How Much Of Our Poetry Is About Us?

How much Life in poetry
When I published my debut book, ‘Sublime Shadows of Life’ my excitement was at  cloud nine and I got some copies printed for friends and family and sent them, even to those friends whom I met occasionally or had not met since school days.

One of my friends who had not been in touch with me for a long time rang me up and asked: ‘Are you okay?’

I replied in affirmative and asked why was she asking.

She had a grim tone and said: ‘Is everything going well in your life?’

I laughed loudly at the tone of my fun-loving friend and asked her what was wrong with her.

She told me that she got alarmed at some of my poems, which talked about oppression and dark moments.

Though I had mentioned in the blurb “I, you, he, we and they are universal symbols, which highlight the fact that happiness is not a destination…” but who reads the introduction!

Authors draw inspiration from life and people around them and many of them agree that they do creep into their stories.

Some of my poems do give a peep into my life. I have written about an incident that moved me deeply. Some of my poems are an emotional outburst; some are inspired from the life of my friends but all of them are not about me.

This one is. I hope you would understand who this pearl is.

                                MY PEARL

Time has stood still
The storm is yet to pass
The descent of night seems eternal
Perplexed, petrified, I wait.

Wait for a new dawn
Wait for a smooth tide
Wait for that lovely flight
Which brings hope!

There was a time
When your hands held mine
The fingers so ensconced
It was hard to distinguish.

Now I hold an empty oyster
The pearl I nurtured is gone
Slipped away, leaving marks
Hard to erase, hard to forget

The purity of my pearl,
The glory of her glow,
Now brightens another world
That mitigates my woe.
© Balroop Singh, 2003

Wendy, a spiritual poet, has shared her thoughts about this topic “I have written poems about defining moments in my life. Although at that time, I may not be aware that I am writing about a moment that I would consider life defining. There have certainly been life defining moments that I did not write about at the time, but a reference to the event came much later in life as a line or stanza in a poem, as with my father’s death when I was 19.

Ritu too has written about life defining moments: “I think one of my most poignant poems about my life was the one I wrote one morning, in 10 minutes, about my journey to become a mother…” She has shared that poem with us:

FROM TWINKLE TO REALITY

Let me take you down that road,
Much travelled through eternity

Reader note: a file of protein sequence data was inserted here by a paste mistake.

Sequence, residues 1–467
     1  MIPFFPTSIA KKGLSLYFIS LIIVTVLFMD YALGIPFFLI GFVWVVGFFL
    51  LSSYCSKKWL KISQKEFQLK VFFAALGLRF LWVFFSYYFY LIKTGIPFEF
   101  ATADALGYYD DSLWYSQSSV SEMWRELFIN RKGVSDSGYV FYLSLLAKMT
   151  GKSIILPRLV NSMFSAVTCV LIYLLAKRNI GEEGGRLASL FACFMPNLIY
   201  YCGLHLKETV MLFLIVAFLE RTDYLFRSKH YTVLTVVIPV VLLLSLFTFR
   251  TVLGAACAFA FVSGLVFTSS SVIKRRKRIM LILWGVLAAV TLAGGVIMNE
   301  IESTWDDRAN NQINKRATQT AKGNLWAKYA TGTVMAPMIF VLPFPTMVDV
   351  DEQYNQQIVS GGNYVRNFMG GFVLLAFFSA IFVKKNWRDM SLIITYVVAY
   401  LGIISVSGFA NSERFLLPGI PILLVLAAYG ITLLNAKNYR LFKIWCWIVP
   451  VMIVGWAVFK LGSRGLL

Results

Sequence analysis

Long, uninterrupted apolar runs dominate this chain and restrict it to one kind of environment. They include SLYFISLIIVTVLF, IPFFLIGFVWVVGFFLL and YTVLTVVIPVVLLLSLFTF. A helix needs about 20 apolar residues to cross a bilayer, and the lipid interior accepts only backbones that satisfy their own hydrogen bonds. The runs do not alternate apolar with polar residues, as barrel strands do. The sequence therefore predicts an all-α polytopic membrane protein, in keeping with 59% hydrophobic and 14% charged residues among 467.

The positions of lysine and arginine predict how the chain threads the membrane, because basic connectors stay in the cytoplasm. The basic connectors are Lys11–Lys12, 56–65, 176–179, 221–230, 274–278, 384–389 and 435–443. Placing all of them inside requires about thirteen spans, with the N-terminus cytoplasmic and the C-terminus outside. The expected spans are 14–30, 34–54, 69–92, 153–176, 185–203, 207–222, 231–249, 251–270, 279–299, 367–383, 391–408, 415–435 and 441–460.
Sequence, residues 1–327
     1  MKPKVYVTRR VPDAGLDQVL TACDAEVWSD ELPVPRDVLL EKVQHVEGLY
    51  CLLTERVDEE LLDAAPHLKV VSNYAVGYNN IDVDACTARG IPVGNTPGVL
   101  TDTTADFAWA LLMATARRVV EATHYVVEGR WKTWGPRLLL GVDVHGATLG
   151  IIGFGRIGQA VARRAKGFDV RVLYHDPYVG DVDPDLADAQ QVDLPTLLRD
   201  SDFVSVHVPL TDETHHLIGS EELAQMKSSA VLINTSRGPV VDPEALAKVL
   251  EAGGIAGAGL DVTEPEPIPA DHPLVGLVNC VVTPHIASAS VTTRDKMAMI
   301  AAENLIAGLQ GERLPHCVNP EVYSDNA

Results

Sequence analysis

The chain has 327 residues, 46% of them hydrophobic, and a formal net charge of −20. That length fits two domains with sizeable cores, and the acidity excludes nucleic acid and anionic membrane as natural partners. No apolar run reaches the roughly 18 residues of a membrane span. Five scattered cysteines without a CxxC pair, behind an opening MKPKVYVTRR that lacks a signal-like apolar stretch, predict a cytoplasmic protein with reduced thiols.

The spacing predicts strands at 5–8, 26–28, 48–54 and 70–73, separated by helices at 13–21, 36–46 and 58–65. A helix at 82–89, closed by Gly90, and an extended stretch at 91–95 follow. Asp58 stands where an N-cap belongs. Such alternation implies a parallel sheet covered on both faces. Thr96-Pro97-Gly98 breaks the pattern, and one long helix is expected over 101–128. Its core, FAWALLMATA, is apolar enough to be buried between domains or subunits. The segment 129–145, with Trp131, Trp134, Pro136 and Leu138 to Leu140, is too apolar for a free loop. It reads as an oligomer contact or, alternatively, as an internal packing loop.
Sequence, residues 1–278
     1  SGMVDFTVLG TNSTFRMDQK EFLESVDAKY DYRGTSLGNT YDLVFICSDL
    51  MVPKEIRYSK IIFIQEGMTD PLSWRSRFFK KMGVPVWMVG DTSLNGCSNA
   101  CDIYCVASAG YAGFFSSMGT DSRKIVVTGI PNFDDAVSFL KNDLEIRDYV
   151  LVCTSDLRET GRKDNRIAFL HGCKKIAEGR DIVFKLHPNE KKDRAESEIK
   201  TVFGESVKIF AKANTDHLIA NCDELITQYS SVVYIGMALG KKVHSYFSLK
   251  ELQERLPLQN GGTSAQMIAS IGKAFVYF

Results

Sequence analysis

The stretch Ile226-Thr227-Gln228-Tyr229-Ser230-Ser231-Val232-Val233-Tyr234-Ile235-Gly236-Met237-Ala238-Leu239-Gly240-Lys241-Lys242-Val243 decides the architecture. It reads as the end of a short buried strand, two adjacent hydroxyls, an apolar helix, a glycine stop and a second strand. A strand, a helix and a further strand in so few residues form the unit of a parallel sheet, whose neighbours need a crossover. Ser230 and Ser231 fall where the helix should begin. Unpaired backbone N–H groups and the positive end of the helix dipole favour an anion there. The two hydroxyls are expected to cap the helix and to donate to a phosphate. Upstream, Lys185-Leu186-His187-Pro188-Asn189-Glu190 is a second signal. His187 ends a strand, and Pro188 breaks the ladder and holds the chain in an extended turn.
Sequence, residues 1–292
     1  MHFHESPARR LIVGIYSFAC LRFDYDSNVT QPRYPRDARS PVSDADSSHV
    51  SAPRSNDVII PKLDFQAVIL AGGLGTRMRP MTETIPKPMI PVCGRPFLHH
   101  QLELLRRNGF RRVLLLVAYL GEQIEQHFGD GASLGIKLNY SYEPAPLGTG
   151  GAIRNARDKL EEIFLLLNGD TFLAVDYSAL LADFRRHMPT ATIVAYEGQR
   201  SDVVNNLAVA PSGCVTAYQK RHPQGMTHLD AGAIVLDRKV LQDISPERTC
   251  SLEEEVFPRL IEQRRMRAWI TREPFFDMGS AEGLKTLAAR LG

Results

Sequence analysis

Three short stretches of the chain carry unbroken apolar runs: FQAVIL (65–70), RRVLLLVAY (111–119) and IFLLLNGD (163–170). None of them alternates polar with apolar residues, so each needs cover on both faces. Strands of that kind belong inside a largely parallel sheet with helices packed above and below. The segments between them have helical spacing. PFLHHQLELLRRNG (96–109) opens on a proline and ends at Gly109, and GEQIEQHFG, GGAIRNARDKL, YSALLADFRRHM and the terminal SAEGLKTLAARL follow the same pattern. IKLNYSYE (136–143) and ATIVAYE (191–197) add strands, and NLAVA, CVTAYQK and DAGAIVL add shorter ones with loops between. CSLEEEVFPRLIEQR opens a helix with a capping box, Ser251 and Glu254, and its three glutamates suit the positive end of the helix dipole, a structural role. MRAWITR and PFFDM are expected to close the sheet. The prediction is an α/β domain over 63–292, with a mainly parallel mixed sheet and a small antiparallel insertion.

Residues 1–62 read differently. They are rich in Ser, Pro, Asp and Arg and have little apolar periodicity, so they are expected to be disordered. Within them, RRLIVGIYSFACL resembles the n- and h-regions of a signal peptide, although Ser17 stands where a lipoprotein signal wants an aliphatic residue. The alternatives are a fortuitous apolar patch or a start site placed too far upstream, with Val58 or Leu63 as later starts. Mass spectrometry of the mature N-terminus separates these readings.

The journey to become a mum,
From twinkle to reality.

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Ritu Bhathal

The plans you make at a young age,
Full of gurgles and laughter,
The horror as you realise,
What really does come after!

The fun of trying,
The monthly wait.
The disappointment,
That feeling, you hate…

The years of trying,
Full of hospitals and checks,
The medication taking you over,
You feel like total wrecks…

Then finally, the day comes
That positive is clear
The goal that you were aiming for,
Has suddenly come near.

The months of fascination,
Your changing body grows
The feeling of satisfaction
That only you can know.

Those pain-filled days, or hours
To reach the prize you sought
The feeling of satisfaction
That this little bundle brought.

I gaze at you in wonder
Are you really here?
I’m overwhelmed with happiness
And a tiny bit of fear.

Will I be able to give to you
All you want and need?
As you look at me, wide eyed
Snuggled close while you feed.

Little blessing, sent from God
My heart is filled with joy
I will do all I can for you,
My darling baby boy.

And so the cycle continues
The waits and checks again
We’re gifted with a gorgeous girl
After a little more pain.

My life is here with me right now
Some twinkles from my eyes.
But I’ll never forget those twinkles
That now, do grace the skies…

Dedicated to my wonderful children, recognising the struggles to have them, and remembering my 2 angels lighting the sky at night.
©Ritu Bhathal

Lisa has shared a poignant poem that she wrote during the difficult moments of her divorce.

PRAIRIE PRISON

Here I sit in my Prairie prison
I have known
Great joy and worse sorrow
Here I sit in my home
Longing for more…

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Lisa Thomson

The ocean
And mountain peaks calling
I make this prison home
I look out of my window
While the prairie winds blow
Dust in my eye, pebbles in my soul

Here in my prairie prison
I long for my Ocean boy
The one and only
Yet some ties bind and clasp me
Fastening me to a make believe home
Among wheat fields

Can you blame me?
I bore my children in a prairie home
A landscape so flat
It cannot compare
To my wild, sea salt air

Maybe I’ll get there
But now
I gaze out of my prairie window
Where I found great joy
And worse sorrow.
© Lisa Thomson, Aug ‘06

I would be gifting two ebooks of Sublime Shadows Of Life, my debut book to those two readers who write the most poetic answer to all the posts I publish this month – #NationalPoetryMonth. Happy writing!

Thank you for reading this. Please share your valuable reflections, as they are much appreciated.

If you have liked this post, please share it at your favorite social networks.